Thursday, March 29, 2012

Shortest Time Possible, Period.

A few of my friends are off on the Wapta Traverse in the next little while in two separate groups. One group, disappointingly for them, lost 50% of their group prior to the trip, going from a party of six to a party of three. The other party gained a member. One persons loss IS another persons gain, I guess.

I thought about going along, although I have done the Wapta Traverse, it was many years ago. The cost, among other issues, however, turned out to be prohibitive. My friends are taking six days to ski the Wapta, spending five nights in the huts, and another two nights at the Lake Louise Hostel. At around $45 for each night, accommodation alone adds to over $300. Then there is the Parks Canada vehicle pass, the inevitable meals out, gas, and soon, the tab will be over $400. I've spent less than that on backcountry lodge weeks with helicopter access.

Could take a tent, I thought, but my pack would be awfully heavy with six days of food, a tent, stove, sleeping bag, sleeping pad etc. My limit for load carrying on ski trips is eight days, but that is shared with another person. I'm not sure I could fit gear and food for six days in my pack, and I'm damned sure, I don't want to carry that load.

Of course, were they doing the trip in a reasonable time frame - three days is perfectly adequate for doing the full Wapta Traverse - and even allows lots of time for peak bagging, I might have felt differently. I could carry a three day pack with all the gear with no problem. But, doubling that time frame, moves the trip from a pleasant easy three day weekend, to a long, tedious grind with a pack that is far heavier than it needs to be, and a party that moves commensurately slower than they need to move.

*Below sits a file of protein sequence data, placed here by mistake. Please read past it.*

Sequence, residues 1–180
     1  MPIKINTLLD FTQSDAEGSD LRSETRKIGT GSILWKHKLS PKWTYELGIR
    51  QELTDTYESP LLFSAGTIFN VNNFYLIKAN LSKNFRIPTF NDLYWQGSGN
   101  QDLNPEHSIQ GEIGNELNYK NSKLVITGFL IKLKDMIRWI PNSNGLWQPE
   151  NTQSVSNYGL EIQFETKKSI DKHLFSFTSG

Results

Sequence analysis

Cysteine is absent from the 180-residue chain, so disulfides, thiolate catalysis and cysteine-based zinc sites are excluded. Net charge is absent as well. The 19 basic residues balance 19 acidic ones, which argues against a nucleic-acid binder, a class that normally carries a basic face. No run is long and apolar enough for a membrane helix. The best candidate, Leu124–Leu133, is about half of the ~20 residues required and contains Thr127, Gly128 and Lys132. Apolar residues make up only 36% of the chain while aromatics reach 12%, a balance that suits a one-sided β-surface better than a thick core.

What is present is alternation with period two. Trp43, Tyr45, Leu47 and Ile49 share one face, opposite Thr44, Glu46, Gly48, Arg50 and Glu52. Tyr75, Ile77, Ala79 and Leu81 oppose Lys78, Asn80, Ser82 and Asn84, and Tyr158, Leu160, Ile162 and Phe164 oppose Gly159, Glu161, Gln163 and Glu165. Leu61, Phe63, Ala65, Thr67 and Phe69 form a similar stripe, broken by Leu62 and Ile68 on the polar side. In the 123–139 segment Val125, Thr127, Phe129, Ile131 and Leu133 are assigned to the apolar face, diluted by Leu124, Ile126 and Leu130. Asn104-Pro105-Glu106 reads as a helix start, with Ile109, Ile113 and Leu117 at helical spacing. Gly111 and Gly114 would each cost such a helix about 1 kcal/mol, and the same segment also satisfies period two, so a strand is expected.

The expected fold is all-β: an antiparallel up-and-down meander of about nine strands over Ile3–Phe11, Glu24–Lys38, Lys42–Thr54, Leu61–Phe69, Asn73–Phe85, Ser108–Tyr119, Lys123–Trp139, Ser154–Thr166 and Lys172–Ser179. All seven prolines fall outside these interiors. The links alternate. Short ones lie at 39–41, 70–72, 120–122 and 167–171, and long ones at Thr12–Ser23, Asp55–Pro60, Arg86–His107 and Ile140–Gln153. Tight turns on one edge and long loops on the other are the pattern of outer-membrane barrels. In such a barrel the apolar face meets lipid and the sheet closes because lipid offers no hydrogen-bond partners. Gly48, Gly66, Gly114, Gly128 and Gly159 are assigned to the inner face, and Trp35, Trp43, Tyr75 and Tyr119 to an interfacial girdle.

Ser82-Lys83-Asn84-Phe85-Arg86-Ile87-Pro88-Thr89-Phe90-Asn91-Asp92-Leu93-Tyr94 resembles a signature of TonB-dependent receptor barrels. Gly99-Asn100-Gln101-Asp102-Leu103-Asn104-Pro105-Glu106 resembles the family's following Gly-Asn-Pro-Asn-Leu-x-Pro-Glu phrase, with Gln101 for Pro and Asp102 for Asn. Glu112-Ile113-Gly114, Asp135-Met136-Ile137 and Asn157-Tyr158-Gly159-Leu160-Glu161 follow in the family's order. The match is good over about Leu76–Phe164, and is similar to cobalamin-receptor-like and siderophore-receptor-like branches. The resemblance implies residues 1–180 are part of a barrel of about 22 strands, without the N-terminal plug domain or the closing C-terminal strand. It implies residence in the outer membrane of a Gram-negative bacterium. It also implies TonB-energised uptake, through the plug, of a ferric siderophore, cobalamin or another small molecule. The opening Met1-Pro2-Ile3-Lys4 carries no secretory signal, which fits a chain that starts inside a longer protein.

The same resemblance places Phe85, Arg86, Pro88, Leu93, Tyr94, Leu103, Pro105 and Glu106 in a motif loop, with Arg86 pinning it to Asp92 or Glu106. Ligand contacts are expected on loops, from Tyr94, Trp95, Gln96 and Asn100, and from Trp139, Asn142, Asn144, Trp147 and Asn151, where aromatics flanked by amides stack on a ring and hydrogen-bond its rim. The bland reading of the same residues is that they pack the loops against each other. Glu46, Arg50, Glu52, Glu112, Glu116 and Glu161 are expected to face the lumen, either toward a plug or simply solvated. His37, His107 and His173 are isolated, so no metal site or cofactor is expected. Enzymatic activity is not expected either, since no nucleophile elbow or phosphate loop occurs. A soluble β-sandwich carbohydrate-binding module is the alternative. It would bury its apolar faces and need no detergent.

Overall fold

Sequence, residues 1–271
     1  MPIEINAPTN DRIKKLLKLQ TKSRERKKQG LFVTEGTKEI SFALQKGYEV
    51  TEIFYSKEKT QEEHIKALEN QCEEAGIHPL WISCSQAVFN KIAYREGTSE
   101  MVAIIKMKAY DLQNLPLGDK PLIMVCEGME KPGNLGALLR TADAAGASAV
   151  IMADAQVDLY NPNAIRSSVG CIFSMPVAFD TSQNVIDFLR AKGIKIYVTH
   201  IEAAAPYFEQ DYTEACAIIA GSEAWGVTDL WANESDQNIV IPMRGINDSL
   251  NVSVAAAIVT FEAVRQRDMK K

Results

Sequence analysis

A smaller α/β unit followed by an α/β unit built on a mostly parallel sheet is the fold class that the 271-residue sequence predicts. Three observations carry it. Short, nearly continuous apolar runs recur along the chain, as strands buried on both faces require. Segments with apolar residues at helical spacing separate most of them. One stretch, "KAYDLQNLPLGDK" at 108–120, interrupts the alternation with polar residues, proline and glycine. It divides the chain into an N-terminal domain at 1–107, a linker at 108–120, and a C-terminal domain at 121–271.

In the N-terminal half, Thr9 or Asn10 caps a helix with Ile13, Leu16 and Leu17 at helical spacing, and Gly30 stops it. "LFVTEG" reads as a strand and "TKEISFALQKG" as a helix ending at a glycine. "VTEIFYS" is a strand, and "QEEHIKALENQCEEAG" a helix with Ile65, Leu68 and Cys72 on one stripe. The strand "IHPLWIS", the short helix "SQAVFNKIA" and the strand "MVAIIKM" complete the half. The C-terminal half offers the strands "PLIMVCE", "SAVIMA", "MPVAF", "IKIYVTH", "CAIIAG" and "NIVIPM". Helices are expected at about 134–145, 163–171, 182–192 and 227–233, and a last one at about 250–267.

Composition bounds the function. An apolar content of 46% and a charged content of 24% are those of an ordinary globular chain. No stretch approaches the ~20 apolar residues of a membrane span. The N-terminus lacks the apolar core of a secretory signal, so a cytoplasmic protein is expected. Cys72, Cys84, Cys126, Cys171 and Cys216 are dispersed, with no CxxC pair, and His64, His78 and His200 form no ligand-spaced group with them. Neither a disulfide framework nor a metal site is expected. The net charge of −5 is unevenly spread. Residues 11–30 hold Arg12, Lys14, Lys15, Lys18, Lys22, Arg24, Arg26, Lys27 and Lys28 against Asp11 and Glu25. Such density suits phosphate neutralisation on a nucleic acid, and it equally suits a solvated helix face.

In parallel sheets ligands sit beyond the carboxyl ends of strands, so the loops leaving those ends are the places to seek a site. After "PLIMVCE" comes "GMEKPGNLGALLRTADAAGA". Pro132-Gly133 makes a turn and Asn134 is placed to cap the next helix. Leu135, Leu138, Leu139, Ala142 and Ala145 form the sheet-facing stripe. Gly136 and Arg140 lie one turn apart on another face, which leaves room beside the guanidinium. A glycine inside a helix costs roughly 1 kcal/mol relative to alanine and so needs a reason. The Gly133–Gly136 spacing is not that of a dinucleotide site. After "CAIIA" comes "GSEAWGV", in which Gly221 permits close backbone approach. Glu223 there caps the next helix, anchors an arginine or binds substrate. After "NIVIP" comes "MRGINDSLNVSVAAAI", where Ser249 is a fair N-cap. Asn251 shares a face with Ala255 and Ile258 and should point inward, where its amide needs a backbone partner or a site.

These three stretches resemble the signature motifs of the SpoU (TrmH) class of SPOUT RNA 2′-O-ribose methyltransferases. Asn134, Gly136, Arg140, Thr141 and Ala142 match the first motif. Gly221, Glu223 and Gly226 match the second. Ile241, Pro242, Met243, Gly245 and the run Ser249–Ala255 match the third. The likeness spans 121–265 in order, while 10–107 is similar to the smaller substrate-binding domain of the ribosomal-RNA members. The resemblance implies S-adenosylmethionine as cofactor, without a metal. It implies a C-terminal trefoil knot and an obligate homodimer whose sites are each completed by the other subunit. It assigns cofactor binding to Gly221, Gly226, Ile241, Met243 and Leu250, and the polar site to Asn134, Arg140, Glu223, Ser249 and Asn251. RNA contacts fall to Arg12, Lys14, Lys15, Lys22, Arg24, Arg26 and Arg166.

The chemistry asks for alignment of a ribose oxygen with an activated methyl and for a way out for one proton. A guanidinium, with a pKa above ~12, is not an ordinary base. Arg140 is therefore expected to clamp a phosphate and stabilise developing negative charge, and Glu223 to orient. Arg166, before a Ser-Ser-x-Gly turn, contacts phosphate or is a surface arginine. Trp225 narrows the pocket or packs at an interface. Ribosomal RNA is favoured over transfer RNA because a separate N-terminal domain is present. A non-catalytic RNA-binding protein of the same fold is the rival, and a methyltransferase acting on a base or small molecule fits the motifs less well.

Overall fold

The entire Wapta Traverse from Peyto Lake to Sherbrooke Lake is only 40 km and 1500 metres of elevation gain - it's been done numerous times in a day - and, all those years ago, it was a relaxing three day trip. After all, you don't carry any camping gear, so your pack is only modestly heavier than a standard daypack. Why anyone wants to (almost) literally crawl across it taking twice as long as necessary is inexplicable to me. Unless the purpose IS to expose yourself to a greater chance of bad weather or bad conditions, I can't see any logic in it.

Perhaps it's the old mountaineering philosophy scratched onto my soul after so many years, get up early, get out there, get it done, get back, shortest time possible, period.

On the Whitewater to Proctor Traverse:
Twice as far done in half the time

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